While most women who contract Covid-19 in pregnancy will have no, or very minor symptoms, some women will develop critical illness from Covid-19. The risk of severe illness from Covid-19 is higher for pregnant women than for non-pregnant women, particularly in the third trimester, and there is now growing evidence that women in late pregnancy, who are admitted to hospital to treat symptoms of Covid-19, are more likely to be admitted to an intensive care unit than non-pregnant women with symptomatic Covid-19. 

Unfortunately, for women who do contract Covid-19, and have symptoms of the virus during pregnancy, there is a two to three times greater risk of preterm birth than those who do not. 


Image Credit: Walsall Healthcare NHS

If you are pregnant and fall into any of the following categories, you may be at a greater risk of needing hospital treatment if you contract Covid-19 in pregnancy:

  • You are of Black, Asian and minority ethnic (BAME) background
  • You have a high BMI of 25kg/m2 or more
  • You have pre-pregnancy medical conditions, such as pre-existing diabetes and chronic hypertension
  • You are 35 years or older

The scientific evidence encourages pregnant women to have the vaccine, however, should you choose not to, it’s advised that you take precautions during pregnancy to protect yourself from contracting the virus. These include:

  • Regular and thorough hand-washing throughout the day
  • Avoid crowded indoor spaces and consider how many people/who you are meeting
  • Where possible, meet people outdoors
  • When meeting indoors, open the windows and doors to allow air to circulate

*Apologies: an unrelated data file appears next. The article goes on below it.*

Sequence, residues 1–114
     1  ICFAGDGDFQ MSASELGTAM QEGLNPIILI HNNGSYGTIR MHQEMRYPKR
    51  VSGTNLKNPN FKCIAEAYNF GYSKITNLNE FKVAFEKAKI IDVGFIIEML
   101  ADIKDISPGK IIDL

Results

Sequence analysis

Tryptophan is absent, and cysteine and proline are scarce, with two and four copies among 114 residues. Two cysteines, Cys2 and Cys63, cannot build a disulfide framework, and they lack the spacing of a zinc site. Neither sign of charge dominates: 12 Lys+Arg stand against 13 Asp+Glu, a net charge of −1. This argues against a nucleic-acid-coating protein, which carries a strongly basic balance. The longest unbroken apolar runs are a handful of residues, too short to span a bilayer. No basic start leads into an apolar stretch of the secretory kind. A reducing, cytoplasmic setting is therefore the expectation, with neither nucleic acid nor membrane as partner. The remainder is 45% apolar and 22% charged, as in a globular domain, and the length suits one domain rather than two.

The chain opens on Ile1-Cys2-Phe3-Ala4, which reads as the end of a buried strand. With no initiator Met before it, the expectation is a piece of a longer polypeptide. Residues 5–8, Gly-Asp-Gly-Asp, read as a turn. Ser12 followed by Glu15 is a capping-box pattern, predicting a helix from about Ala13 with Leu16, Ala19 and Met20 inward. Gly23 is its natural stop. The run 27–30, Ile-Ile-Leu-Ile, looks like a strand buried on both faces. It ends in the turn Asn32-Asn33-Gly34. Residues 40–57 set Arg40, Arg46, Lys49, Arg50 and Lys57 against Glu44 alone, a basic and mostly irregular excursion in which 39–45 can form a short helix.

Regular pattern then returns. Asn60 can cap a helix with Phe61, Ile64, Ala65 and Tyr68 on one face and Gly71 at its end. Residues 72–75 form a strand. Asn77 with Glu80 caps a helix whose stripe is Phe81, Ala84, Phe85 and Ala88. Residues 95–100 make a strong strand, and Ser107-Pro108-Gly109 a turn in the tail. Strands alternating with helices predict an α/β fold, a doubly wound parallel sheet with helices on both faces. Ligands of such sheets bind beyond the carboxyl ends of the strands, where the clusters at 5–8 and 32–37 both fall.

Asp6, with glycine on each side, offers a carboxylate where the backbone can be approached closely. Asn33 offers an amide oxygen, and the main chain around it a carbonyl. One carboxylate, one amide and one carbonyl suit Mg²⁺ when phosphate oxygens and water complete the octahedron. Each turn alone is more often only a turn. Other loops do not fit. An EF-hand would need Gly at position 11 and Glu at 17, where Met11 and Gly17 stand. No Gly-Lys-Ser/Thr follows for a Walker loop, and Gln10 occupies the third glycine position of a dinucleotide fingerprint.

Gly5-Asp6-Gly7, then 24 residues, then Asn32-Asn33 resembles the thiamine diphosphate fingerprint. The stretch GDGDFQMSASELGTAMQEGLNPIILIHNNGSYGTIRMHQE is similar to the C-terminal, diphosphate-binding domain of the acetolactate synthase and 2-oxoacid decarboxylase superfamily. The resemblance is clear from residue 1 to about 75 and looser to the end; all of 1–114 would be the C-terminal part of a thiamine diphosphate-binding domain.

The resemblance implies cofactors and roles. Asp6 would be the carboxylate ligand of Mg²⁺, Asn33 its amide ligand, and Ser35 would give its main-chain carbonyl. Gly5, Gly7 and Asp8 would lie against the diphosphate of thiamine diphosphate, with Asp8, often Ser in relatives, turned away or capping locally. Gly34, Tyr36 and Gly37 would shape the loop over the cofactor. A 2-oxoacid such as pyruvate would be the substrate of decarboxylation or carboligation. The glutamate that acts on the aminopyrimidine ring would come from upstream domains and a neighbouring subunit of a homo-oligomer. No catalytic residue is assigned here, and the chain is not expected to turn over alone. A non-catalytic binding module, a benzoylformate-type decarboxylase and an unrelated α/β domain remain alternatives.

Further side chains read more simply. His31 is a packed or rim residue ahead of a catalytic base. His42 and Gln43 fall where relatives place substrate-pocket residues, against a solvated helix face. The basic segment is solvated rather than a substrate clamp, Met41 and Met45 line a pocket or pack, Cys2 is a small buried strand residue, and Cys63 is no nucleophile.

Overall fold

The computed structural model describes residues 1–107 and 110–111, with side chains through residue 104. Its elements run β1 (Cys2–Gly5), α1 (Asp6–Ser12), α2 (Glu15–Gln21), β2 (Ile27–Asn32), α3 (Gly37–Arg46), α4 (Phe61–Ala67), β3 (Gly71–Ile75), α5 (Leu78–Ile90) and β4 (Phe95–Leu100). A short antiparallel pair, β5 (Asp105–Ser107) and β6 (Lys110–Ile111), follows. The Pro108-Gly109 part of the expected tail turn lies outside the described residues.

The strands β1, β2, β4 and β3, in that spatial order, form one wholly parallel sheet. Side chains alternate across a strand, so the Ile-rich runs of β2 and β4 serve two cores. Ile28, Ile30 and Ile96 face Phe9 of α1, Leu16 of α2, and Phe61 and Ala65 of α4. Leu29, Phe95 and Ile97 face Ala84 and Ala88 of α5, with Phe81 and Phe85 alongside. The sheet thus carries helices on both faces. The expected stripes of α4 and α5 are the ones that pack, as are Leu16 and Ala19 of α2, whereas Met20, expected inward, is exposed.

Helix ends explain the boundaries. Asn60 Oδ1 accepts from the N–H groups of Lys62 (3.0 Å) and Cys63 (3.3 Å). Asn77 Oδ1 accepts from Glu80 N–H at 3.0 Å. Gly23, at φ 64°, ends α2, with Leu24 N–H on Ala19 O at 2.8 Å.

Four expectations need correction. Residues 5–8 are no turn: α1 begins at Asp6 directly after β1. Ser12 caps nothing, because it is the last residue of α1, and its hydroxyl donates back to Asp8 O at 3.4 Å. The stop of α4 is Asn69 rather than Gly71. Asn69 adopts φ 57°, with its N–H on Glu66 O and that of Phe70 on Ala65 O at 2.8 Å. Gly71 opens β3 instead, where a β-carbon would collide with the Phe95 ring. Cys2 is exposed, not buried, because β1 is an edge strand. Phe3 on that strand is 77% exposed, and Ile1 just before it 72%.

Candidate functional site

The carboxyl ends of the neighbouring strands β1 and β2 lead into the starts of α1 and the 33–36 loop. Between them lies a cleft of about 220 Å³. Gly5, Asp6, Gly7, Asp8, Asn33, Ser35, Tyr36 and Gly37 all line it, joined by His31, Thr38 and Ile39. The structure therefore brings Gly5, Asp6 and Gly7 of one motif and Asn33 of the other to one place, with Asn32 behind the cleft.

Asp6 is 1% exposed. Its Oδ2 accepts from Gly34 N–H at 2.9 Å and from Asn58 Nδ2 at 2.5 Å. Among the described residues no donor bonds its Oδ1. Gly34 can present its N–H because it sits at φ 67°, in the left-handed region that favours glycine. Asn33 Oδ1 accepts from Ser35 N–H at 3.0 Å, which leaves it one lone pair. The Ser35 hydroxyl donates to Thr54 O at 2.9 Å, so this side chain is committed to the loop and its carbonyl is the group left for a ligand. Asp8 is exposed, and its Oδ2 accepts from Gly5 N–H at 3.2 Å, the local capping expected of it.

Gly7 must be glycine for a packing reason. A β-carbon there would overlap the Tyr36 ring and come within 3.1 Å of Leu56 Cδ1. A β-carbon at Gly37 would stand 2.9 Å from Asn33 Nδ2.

• Maintain a distance and use a face covering if you’re in crowded spaces such as shops or public transport

For more information and advice on Covid-19 vaccination during pregnancy, click here.

Find more information on the RCOG Covid-19 guidance here.

Find more NHS information about Covid-19 and who is most at risk here.

By Lesley Gilchrist, registered midwife and co-founder of My Expert Midwife

For media enquiries, contact [email protected]

About My Expert Midwife 

My Expert Midwife was founded in 2017 by midwife and mum duo Lesley Gilchrist and Claire Charlton, inspired by their mutual understanding of the reality of the physical recovery challenges that women face during pregnancy, childbirth and beyond.

Drawing from their personal experience and professional areas of expertise they have worked together to create a range of no-nonsense skincare products developed to tackle taboos around pregnancy and childbirth for new and expectant mums and new babies.

Midwife developed and glowingly recommended by thousands of mums, the award-winning products – including Spritz for Bits, No Harm Nipple Balm, Fantastic Skin Elastic and Peri Prep Your Bits – can help to soothe and relieve the physical symptoms and side effects commonly experienced in pregnancy, childbirth and early motherhood.

Cover image credit: Imperial College NHS Trust